Oh gosh after reading this, I am in tears. I am so thankful I found this post… I recently went off of my antidepressants, after slowly lowering the dosage and I have been having so much anger and irritability. I think the most AWFUL things in my mind and have just been very argumentative with my mom and I HATE IT! I wish this phase was over, because it makes me feel like I need my medication. But my goal is to be off of them due to the fact that on them, I’ve gave 75lbs in a year and felt NO emotions. Like a numb zombie. Plus my heartbeat has become really weird and irregular when I was on my antidepressants. I just wish I could get back to the normal me before anxiety, depression and medication.

  29. Lexi Says:

    I’ve been taking Celexa for my entire teens. I’m now 20. Back in high school, I ran out of medication and absolutely lost it. I threatened to stab a girl who had slept with my then boyfriend. As a result, I was hauled out of class and sent to the assistant principal’s office. I was in his face, screaming and cussing at him, screaming at her (she was in the room next door), and getting in the faces of the people who were searching me for a knife. I was handcuffed and sent to a psych ward where I was evaluated for 2 hours. Then there was another time that I punched 3 guys in the face in 1 day for serial harrassment. One of them turned out to be mentally handicapped. I was nearly arrested for that. This medication has destroyed the way my family sees me. They think that raging psychopath is who I am so I’ve been shamed to the point of being forced to take it. The sexual side effects are also damaging my relationship. I’m at the end of my rope.

  30. Ken Says:

    I’m so thankful that you have written this article. It has helped tremendously in realizing what is going on. That I’m not crazy. I can’t thank you enough.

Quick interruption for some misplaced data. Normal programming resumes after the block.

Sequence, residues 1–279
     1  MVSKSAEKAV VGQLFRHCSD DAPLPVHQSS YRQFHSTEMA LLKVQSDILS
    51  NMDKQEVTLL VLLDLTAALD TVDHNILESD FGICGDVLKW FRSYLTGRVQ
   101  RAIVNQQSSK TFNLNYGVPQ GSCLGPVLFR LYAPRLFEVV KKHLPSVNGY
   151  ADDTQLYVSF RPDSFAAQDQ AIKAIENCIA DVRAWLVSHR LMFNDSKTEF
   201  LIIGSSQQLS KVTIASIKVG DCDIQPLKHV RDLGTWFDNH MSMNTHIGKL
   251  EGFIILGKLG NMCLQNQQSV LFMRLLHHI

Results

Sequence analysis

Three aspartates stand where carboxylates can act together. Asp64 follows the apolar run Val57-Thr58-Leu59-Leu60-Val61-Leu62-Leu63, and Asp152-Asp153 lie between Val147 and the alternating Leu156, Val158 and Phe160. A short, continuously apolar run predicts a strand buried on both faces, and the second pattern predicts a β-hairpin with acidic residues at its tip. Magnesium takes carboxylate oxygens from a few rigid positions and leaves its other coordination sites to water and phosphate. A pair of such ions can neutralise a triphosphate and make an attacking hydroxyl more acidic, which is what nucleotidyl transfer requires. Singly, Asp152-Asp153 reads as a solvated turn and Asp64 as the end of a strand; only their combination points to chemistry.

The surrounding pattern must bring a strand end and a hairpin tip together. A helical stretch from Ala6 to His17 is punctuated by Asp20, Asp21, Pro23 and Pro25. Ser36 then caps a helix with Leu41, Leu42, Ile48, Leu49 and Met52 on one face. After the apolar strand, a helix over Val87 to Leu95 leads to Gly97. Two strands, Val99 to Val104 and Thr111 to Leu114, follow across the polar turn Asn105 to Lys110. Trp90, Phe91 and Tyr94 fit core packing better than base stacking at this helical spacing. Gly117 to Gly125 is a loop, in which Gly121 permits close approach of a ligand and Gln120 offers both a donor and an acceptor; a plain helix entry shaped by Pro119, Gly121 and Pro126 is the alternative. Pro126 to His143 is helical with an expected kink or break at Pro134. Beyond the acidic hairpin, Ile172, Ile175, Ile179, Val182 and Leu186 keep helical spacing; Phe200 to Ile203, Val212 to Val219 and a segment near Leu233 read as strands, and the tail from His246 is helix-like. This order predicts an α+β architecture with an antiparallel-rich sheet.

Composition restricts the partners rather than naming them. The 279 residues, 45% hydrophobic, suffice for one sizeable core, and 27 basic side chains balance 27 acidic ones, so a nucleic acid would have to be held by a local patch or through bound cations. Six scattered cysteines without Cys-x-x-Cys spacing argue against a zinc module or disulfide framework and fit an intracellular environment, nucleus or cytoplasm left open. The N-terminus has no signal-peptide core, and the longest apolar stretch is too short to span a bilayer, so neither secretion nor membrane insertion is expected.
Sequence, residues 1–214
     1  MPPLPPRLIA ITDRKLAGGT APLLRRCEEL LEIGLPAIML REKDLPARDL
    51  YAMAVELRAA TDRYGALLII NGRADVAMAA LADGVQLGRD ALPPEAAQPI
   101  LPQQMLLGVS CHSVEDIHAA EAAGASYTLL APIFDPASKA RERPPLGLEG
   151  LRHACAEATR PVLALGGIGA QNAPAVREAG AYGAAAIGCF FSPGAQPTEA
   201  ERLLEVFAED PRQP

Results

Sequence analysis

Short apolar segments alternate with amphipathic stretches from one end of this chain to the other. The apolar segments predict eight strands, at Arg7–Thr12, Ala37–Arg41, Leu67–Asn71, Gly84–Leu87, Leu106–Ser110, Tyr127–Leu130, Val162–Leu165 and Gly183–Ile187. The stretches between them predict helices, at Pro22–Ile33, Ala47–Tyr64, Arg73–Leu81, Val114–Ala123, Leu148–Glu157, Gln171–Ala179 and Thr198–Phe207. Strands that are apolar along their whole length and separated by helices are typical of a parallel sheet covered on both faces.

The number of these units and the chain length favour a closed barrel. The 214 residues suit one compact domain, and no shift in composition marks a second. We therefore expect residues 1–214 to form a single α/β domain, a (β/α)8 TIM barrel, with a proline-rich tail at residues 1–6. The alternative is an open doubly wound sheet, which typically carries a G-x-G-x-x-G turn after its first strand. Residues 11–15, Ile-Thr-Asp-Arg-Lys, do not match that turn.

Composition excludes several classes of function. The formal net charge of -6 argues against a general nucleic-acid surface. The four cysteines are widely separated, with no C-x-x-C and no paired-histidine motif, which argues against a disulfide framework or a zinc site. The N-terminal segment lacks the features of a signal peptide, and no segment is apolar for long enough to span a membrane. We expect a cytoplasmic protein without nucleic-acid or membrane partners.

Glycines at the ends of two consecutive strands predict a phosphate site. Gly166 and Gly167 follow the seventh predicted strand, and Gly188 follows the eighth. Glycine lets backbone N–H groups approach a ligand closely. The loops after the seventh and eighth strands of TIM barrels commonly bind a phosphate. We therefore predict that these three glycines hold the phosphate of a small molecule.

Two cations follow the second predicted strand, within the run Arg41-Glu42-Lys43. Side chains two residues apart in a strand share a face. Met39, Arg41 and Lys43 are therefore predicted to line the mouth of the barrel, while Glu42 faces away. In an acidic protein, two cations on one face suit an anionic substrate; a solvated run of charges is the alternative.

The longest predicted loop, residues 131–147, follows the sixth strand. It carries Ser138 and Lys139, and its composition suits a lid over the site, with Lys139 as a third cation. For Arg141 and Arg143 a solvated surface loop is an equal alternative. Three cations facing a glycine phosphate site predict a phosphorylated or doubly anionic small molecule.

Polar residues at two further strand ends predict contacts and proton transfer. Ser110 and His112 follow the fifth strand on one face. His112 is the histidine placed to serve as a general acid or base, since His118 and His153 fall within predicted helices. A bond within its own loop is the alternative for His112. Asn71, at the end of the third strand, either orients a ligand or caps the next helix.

31. Dianne Says:

    Yeah fuck you! Just kidding.

    • julieswinden Says:

      I’m so glad I found this site!!! Been searching for citalopram withdrawal symptoms online and no mention of blood curdling rage where I keep ringing my boyfriend back and telling him some more ‘home truths’. I have nail marks on my palms from clenching my fists. So glad it’s only an exaggeration of how much of an annoying sanctimonious arsehole he is 😊 how long will this rage last. I was on celexa/citalopram for 5 yrs 40mg and have weaned down to zero slowly over a few months. Been on zero for 11 days and every time I think the symptoms are peaking they get worse. Anyone have a rough idea of how long I should expect to feel like a psycho for? Thanks.

  32. Dawn Buxton Says:

    I’ve been slowly coming off venlafaxine since Christmas. Now completely free of antidepressants and I still have really bad rage and brain zaps and feeling really tired. I’m nearly at the point of giving in and going back on the tablets. I hate feeling this way. I think I enjoyed feeling emotionaly numb compared to this.

  33. Drug Test Says:

    This is simply some of the best information I’ve happened on today. It’s not necessarily what I was looking for nonetheless it sure got my interest. Now i’m glad I took the time to give it a look.

  34. Julie Says:

    I really needed to hear this today! Withdrawing from the dreaded Paxil, that I was on for 4 years. I’m in the anger stage, I mean anger, I ripped a lady last night, so not me, makes me sad. However I know it is the drug and hope I get through this soon, thinking is going to be later rather that sooner. But that’s OK, one day at a time.
    Paxil served is purpose once upon a time, however I wish my Dr would have advised me about getting off.
    What kind of vitamins or herbs is everyone using to help support their body? I have been using essential oils, they are my livesafer, along with omega 3, B complex, Magnesium. In therapy for Cognitive Behavior therapy aka positive thinking.

    • Wanttobecalm Says:

      There is a natural mood balancer that you can buy from the chemist. A girlfriend highly recommends it and I am going to buy it today as I have unleashed incredible anger on my family all week and it has to stop. I thought it might be due to the withdrawal of desvenlafaxine but after reading the above I know it definitely is. I have tried to keep myself in check, but unfortunately, you just loose it in the moment and what is worse is you feel so incredibly sick and guilty after loosing your shit. It seems that if I am not loosing it I am crying my eyes out. (I am so not a cryer and i HATE it. Dr’s do need to be more accountable, they hand these things out like candy but never mention what happens when the candy is taken away. The tablets are Martin & Pleasance Harmony Balance 60tabs for women but there must be something available for men also. Good luck people, hopefully we will all get through this with our mental state and relationships in tact.